The Squamish Nation story behind this rock formation is about a new father (and Chief) called Sklash who was transformed into the rock by gods for his bravery. Sklash was swimming in the Burrard Narrows to purify himself; It was a custom for the sake of his family right before his new child was born. Gods told him to move out of the way of their holy canoe, but he refused (as he wanted to complete his purifying ritual for the sake of his family.) In the end, the gods were impressed at his commitment to his family, so they turned him to stone as he swam back to them at dawn.

Read a better explanation of the story here, or more of the other legends of Vancouver here.

As you continue to walk around Stanley Park, there are plenty of pretty views and beaches along the way.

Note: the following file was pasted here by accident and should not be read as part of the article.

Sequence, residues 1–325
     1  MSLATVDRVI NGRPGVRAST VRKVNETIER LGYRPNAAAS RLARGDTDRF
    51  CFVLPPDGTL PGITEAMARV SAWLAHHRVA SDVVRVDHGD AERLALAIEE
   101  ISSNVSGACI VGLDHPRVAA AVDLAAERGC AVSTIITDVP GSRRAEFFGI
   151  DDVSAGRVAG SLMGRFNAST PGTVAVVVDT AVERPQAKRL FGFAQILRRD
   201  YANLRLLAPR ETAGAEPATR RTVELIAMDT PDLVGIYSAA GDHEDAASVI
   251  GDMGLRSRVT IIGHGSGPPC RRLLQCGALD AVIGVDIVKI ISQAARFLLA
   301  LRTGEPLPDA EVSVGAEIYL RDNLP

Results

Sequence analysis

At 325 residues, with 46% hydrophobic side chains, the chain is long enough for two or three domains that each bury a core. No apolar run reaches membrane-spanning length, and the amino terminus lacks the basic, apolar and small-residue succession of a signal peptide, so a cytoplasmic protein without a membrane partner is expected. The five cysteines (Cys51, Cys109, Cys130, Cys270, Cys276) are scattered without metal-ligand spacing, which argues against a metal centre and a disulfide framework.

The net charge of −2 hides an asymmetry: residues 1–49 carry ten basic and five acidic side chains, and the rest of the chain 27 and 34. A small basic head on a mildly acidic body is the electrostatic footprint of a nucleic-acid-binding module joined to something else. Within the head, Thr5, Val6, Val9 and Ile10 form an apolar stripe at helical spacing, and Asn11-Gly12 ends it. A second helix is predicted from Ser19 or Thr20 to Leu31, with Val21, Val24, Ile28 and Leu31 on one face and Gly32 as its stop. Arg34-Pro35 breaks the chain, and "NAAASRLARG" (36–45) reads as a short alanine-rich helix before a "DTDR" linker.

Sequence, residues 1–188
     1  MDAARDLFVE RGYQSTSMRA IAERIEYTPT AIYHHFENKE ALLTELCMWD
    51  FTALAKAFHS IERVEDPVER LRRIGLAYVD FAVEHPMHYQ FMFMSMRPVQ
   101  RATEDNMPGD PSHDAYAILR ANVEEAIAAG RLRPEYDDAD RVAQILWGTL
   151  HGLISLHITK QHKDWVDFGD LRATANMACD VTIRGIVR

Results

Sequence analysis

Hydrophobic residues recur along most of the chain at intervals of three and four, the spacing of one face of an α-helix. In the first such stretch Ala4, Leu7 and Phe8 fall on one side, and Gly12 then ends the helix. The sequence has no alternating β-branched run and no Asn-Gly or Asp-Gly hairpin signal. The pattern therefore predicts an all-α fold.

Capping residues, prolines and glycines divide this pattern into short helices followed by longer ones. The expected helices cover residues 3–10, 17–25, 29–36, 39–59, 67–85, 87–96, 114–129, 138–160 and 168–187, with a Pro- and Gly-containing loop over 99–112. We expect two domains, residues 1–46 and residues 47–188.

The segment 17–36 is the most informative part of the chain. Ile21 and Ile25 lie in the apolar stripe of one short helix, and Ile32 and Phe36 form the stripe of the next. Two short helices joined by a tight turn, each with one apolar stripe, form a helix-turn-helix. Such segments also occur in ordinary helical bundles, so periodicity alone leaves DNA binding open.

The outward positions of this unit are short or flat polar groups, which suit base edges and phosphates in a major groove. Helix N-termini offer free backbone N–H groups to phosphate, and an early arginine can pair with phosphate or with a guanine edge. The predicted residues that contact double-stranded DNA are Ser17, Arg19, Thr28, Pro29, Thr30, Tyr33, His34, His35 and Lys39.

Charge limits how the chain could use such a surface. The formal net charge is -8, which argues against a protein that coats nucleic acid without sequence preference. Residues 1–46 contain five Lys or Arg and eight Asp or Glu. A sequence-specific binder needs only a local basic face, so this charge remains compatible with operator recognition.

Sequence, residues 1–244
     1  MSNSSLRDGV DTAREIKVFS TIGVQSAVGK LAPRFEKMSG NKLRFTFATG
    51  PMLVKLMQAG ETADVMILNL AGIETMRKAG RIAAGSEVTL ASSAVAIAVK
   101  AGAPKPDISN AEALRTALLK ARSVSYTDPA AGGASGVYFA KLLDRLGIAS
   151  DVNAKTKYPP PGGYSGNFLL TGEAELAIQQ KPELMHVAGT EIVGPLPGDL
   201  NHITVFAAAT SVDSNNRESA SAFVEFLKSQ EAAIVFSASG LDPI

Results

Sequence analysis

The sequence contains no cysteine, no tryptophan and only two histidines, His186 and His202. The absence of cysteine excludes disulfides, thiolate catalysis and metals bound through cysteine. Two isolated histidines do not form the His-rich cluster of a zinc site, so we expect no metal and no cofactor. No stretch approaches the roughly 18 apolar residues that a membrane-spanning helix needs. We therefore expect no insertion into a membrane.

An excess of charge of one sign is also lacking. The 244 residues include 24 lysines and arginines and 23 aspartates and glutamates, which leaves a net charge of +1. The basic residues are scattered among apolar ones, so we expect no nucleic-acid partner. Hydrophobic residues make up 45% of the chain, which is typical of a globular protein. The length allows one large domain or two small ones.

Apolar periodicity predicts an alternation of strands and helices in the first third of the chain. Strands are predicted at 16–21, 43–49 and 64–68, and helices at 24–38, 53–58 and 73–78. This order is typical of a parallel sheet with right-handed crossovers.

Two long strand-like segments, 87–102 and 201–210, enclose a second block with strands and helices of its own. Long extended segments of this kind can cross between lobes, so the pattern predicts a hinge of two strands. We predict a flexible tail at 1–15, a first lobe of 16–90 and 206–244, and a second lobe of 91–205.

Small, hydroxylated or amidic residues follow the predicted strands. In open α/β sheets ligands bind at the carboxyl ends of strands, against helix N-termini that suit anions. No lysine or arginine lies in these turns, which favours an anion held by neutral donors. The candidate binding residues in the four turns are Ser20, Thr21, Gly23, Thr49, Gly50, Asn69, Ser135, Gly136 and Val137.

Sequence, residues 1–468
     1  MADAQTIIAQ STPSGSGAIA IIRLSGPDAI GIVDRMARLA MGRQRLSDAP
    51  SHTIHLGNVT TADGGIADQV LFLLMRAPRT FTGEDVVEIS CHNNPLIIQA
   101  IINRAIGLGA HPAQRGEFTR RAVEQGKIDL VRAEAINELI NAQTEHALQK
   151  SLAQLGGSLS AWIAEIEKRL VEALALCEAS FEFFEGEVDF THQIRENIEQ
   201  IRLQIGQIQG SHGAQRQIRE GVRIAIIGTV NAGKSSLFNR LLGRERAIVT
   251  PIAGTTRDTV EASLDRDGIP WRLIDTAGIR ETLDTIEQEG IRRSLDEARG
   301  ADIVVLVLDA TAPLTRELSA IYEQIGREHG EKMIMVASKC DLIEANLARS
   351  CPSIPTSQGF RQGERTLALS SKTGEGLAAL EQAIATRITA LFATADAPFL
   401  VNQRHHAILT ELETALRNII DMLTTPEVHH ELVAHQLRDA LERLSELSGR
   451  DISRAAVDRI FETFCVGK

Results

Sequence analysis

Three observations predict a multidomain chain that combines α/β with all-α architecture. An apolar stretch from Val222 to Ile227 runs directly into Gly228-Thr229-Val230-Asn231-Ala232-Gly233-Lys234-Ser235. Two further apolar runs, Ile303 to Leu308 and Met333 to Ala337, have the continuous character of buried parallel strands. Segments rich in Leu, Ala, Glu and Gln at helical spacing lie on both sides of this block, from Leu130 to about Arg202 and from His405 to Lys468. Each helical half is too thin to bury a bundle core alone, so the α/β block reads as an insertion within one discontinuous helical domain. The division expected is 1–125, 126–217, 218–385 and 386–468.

Third Beach

Third Beach is normally the busiest beach in Stanley Park. There are lifeguards here in the summer if you want to stop for a swim, as well as concessions and a toilets. If you come past here on sunny Tuesday evenings, there are often drumming circles with hundreds of people dancing and drumming.

Amazing trees

There are loads of gorgeous old growth trees in Stanley Park. The best ones are further in the center of the park (if you fancy exploring on a different mini adventure.) However you’ll see some amazing trees towering above the Seawall too.

Once you leave Stanley Park keep following the Seawall along more beaches.

Inukshuk

When you reach the end of English Bay there is a huuuge inukshuk. Inukshuks are used to mark a place for navigation or important locations by Inuit people in northern Canada. This monument was commissioned by the Government of the Northwest Territories for Expo 86, then  given to the City of Vancouver. It was made by Alvin Kanak, from Rankin Inlet.